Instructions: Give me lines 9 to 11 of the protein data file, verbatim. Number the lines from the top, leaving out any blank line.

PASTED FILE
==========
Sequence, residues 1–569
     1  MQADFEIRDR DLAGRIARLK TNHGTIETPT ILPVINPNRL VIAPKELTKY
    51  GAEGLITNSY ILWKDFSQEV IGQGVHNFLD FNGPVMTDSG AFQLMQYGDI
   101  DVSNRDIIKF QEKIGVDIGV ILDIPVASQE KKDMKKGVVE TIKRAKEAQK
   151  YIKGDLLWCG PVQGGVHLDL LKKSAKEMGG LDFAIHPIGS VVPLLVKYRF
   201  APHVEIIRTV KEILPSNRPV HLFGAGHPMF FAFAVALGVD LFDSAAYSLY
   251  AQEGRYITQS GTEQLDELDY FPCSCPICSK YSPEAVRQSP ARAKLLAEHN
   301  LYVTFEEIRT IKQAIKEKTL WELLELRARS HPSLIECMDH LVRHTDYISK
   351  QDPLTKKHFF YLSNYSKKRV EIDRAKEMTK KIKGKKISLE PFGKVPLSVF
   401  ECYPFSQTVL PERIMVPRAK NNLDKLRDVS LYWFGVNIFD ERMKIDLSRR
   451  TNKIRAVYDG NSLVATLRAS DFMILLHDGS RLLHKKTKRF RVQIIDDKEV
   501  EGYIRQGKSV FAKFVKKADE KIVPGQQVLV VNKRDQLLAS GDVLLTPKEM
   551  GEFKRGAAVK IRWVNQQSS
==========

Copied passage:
   351  QDPLTKKHFF YLSNYSKKRV EIDRAKEMTK KIKGKKISLE PFGKVPLSVF
   401  ECYPFSQTVL PERIMVPRAK NNLDKLRDVS LYWFGVNIFD ERMKIDLSRR
   451  TNKIRAVYDG NSLVATLRAS DFMILLHDGS RLLHKKTKRF RVQIIDDKEV